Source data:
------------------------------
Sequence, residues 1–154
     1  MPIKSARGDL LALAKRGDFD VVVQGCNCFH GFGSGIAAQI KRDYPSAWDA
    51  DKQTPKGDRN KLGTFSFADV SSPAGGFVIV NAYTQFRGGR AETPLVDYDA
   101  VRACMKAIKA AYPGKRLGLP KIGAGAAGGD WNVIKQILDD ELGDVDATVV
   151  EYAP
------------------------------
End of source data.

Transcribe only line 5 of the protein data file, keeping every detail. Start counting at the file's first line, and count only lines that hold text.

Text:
   151  EYAP